Although Thanksgiving hasn’t passed yet, people are already preparing for the winter holidays. If the cold winds and early nightfall aren’t getting you in the mood for winter festivities, the city has planned some events to spark cheer and excitement. Tree lighting ceremonies are taking place all over Boston in the upcoming weeks to usher in the holiday season.
On Saturday night, Faneuil Hall showcased Blink!, an LED light show featuring music from the Boston Pops. The marketplace was packed with eager spectators wanting to see not only the tree lighting, but musical performances and an appearance by Mayor Menino.
The Street at Chestnut Hill is currently featuring a new light display that has been in the works since last summer.
The trellis at Christopher Columbus Park will be lit this evening at dusk. This ceremony will feature special activities and snacks.
There will be an 8 day long lighting ceremony for the menorah in Boston Common, starting on 11/27, the day before Thanksgiving.
The Prudential Center will celebrate with their traditional 31 Nights of Light, which begins on December 1st. Each pillar of light that is lit will represent a different organization in Boston, such as AIDS Action and Alzheimer’s Association.
The Boston Common tree lighting ceremony will take place on December 5th, featuring Mayor Menino, in his last tree lighting ceremony as mayor. This lighting ceremony will have a a performance by the Skating Club of Boston and musical performances.
The city will list all winter programs on their website.
President Obama is scheduled to visit Boston on Wednesday, 10/30, to talk about his healthcare program.
In light of the recent difficulties with the new healthcare website, the President has planned a speech at Boston’s historic Faneuil Hall to discuss the benefits to Obamacare. Faneuil Hall was previously used as a backdrop to former governor Mitt Romney’s signing of Massachusetts’ health care bill in 2006. Obama’s advisers felt that using Faneuil Hall as the setting of a speech on healthcare would be symbolic of compromise between Democrats and Republicans. The goal of the trip to Boston is to bolster public support of the healthcare plan.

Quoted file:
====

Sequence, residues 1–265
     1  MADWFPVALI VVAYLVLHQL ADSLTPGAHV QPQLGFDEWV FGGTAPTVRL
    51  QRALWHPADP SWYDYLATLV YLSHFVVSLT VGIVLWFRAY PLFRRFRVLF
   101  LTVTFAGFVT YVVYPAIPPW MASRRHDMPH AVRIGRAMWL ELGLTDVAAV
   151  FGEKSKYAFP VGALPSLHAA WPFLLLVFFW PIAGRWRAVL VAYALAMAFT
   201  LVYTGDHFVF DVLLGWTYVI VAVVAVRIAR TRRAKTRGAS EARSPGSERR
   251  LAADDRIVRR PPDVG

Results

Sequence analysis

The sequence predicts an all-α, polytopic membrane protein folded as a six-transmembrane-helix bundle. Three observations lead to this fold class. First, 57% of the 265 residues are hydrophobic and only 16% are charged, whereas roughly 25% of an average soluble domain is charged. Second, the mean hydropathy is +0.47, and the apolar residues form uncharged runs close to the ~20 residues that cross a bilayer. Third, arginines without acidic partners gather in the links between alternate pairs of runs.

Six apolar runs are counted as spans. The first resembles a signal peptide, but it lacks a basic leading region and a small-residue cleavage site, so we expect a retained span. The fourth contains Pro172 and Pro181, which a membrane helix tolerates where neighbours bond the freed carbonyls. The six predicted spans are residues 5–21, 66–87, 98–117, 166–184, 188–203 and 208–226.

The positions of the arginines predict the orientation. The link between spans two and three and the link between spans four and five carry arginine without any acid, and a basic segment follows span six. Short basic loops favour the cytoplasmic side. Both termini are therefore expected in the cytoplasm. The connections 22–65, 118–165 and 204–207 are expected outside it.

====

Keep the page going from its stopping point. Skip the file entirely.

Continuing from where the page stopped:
The speech is set to begin at 3:55 pm. Health and Human Secretary Kathleen Sebelius is supposed to testify about the problems with the healthcare website in front of Congress on Wednesday.
Halloween is quickly approaching! With one week left, there’s still time to make plans and costumes. If trick-or-treating isn’t your thing, try visiting some of these events for some spooky fun.
SOWA’ Market of the Living Dead
If you’ve never visited SOWA’s Open Market before, this is your last chance to go before the season ends! SOWA Open Market is a collection of artists, designers, food trucks, and farmers that meet every Sunday to form the Open Market’s farmer’s market, vintage market, and food truck fair. The Open Market is free to attend and will be “spookified” for Halloween, with this year’s theme being “Dia de los Muertos” (Day of the Dead). There will also be a costume contest at the market.
Go trick-or-treating at the Prudential Center! This yearly event is great for kids. With a $4 donation (which goes to Home for Little Wanderers), children will receive a trick-or-treat bag to collect goodies from the stores in the Prudential Center. There will also be face-painting, magic tricks and other events for the children during the day.
The Beehive Zombie Prom
The Beehive is holding a prom with one little twist, everyone will be undead! The bar will be serving Halloween themed food with zombie servers until 1 AM. They will also be featuring the 80’s cover band SAFETY. In addition, there will be a costume contest for best undead outfit.
Coolidge Corner Theater will be having a Halloween movie marathon featuring a double feature of Psycho and The Texas Chainsaw Massacre, in addition to five more horrifying films. The Brattle Theater will also be playing horror films, but instead of a marathon, they’re playing the films over the course of a few days. The Brattle Theater is featuring a special presentation of The Haunting for its’ 50th anniversary.
The city is currently working on renovating the historic South Station. The station, which was opened in 1899, is the country’s oldest train station. The city felt it was finally time to bring the old station into the 21st century. The renovations are meant to update many of the stations facilities and make the station a more enjoyable area.